His lines come across as honest and curious, since he answers his question two poems later in [I saw myself], the poem that gives us the title of the collection in the lines:
a ring of bone
in the clear stream
of all of it
always to be open to it that all of it
might flow through
This poem aligns the “I” with nature, speaking from a place in which the personal and external are brought together in a vision—the reader sees that nature has become a medium for spiritual experience, and language on the page has become meditation.
As Snyder points out, this transformation occurs most successfully in the Hermit Poems and The Way Back sections. Here, Welch sets aside his overtly playful verse in favor of quiet but striking observations such as “Deer-hoof crushing a flower. Rodents at the root of it . . . Mushrooms in the warm fall rains” (“He Begins to Recount His Adventures”). These bits of prose border on the reflective quality of haiku, a form which Welch spent much of his life reading and translating, but they retain Welch’s West Coast Beat speech in a moment from the same poem like, “I’d shoot out way up over China and then fall back and miss the hole (‘cause the world would turn a little in the meantime) and just end up killing my damn fool self.” It is in a poem like this that the reader recognizes Welch’s ability to be both sincere and playful as he zooms in on the smallest crushed flower and back out to the sweep of the whole, revolving world.
Instances of humor like this mature into pure wonder at the magnificence and destruction of nature in Book V, particularly in a poem such as “Song of the Turkey Buzzard” in which Welch collages songs, quotes, prose, riddles, and even a “Will & Testament.” Here the poet speaks of an injured turkey buzzard, recounting in dreamlike tones, “He wanted to die alone. . . He tried, feebly, . . . to heave his great wings. Weak as he was, I could barely hold him.” Here, once again, the human and natural realms are aligned as Welch not only humbles himself in awe of the buzzard, but goes so far, in the conclusion of the poem, to request that the living, “With proper ceremony[,] disembowel what I no longer need, [so that] it might more quickly rot and tempt / / my new form.” This “new form,” which we can read as the buzzard, invokes another “ring”— something akin to both reincarnation and the idea of the “circle of life,” without carrying with it a sense of cliché imagery.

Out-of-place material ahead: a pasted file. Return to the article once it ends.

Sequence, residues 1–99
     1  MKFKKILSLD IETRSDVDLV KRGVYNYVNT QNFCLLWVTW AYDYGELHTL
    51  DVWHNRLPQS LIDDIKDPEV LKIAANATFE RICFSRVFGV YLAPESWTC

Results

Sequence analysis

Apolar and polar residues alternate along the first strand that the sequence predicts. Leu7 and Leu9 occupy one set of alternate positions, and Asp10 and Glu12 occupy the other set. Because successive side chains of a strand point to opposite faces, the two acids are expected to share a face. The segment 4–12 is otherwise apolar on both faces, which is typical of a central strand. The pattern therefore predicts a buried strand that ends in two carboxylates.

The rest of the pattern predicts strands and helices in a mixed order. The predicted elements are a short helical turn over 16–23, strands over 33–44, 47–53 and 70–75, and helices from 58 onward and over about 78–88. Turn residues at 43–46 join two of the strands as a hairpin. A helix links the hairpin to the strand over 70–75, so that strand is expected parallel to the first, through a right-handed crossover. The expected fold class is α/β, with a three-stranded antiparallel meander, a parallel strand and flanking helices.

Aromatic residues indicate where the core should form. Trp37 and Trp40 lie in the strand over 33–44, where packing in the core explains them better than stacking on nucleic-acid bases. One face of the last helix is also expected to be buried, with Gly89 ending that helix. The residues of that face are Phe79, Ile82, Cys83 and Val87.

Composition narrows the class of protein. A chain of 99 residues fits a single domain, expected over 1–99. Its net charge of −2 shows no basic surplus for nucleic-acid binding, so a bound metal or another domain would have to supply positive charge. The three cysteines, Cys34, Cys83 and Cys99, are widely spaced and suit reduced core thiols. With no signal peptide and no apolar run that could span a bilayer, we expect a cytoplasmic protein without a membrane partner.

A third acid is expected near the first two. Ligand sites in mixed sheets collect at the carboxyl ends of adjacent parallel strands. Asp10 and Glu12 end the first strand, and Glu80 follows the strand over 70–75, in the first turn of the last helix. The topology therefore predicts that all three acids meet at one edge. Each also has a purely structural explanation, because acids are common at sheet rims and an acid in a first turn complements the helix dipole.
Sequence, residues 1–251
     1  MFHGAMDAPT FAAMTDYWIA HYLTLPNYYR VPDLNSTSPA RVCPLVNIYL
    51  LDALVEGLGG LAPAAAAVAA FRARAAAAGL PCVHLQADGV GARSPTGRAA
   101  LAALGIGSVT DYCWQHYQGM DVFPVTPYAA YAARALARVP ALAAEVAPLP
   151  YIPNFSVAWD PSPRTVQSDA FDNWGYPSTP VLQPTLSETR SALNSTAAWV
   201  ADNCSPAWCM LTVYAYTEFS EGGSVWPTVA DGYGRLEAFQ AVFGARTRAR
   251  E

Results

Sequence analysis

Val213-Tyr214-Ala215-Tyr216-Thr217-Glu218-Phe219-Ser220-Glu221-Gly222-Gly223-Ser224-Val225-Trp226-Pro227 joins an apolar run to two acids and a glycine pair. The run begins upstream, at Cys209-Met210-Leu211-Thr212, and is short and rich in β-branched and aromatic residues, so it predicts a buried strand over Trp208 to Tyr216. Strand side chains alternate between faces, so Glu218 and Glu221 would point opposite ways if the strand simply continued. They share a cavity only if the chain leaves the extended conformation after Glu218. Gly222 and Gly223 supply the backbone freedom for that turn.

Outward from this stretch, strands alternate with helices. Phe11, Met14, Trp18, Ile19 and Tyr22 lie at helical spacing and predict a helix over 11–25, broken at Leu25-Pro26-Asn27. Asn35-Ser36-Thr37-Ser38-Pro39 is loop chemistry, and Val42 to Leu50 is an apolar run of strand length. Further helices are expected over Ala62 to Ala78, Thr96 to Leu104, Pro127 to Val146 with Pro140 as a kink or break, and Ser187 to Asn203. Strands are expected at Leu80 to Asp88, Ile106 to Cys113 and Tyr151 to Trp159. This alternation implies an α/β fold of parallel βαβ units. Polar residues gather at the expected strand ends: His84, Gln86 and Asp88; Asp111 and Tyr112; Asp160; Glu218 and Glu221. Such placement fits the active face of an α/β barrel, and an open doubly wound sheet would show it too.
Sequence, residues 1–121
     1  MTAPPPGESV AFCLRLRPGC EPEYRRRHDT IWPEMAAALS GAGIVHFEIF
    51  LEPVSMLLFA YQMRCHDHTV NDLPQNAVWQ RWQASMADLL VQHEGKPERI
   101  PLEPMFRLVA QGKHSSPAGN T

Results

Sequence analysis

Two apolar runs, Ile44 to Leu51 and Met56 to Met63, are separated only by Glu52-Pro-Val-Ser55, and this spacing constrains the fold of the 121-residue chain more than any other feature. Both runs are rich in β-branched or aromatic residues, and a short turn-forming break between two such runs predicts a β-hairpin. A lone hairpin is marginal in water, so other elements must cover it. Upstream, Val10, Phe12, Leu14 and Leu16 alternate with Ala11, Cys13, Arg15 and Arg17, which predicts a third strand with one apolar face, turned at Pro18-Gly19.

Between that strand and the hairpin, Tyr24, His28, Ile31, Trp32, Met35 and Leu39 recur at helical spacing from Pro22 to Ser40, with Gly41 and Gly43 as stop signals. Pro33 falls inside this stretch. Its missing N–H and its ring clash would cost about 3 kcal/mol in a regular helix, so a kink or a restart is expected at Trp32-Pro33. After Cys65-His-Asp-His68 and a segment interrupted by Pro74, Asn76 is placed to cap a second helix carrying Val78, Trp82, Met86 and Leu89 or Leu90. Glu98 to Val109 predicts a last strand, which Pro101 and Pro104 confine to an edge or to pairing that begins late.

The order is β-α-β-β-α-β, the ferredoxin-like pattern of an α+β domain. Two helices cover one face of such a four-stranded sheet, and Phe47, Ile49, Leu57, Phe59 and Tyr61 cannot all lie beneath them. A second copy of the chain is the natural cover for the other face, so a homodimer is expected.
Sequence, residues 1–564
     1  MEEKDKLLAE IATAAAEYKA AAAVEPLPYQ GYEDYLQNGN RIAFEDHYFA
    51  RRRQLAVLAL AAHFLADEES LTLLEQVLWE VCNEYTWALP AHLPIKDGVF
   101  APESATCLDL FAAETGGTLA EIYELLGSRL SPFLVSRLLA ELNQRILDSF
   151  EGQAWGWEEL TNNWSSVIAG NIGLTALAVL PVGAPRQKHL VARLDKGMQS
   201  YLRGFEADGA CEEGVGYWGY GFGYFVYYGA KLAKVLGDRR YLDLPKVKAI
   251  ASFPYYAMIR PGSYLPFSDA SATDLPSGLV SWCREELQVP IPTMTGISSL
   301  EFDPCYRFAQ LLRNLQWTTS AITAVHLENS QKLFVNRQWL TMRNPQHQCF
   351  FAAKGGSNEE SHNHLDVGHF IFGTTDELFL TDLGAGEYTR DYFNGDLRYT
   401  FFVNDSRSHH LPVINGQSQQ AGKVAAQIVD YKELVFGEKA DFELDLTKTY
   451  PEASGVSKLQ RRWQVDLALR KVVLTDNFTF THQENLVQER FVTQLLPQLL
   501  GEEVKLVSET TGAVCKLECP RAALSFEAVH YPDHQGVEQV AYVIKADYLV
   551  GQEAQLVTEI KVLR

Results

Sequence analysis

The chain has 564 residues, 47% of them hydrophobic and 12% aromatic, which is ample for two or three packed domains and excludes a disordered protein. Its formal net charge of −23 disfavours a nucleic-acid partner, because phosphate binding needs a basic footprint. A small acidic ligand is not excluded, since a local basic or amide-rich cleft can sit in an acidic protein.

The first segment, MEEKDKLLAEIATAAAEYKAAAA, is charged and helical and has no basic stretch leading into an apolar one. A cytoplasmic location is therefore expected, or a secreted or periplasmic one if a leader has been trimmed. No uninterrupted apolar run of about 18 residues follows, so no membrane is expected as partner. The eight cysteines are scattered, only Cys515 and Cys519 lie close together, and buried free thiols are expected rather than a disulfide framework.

It is Welch’s awe-filled reactions to the natural world that move the poems beyond the traps of expected language and predictable imagery, and it is on a tone of pure wonder that the collected poems end. As Welch reminds his readers in the poem “For Joseph Kepecs,”
(Though it seems to be if you have craft enough)
The poem is made to carry the heart’s cry
And only to carry it.
The need for another world that always works right
Is the heart’s exhuberance.
We don’t hide there. We spill over and
Jessica Comola is an MFA student in poetry at the University of Mississippi. Her writing has appeared or is forthcoming in The Columbia Review, The Journal, Tulane Review, Anti-, and Criminal Class Press.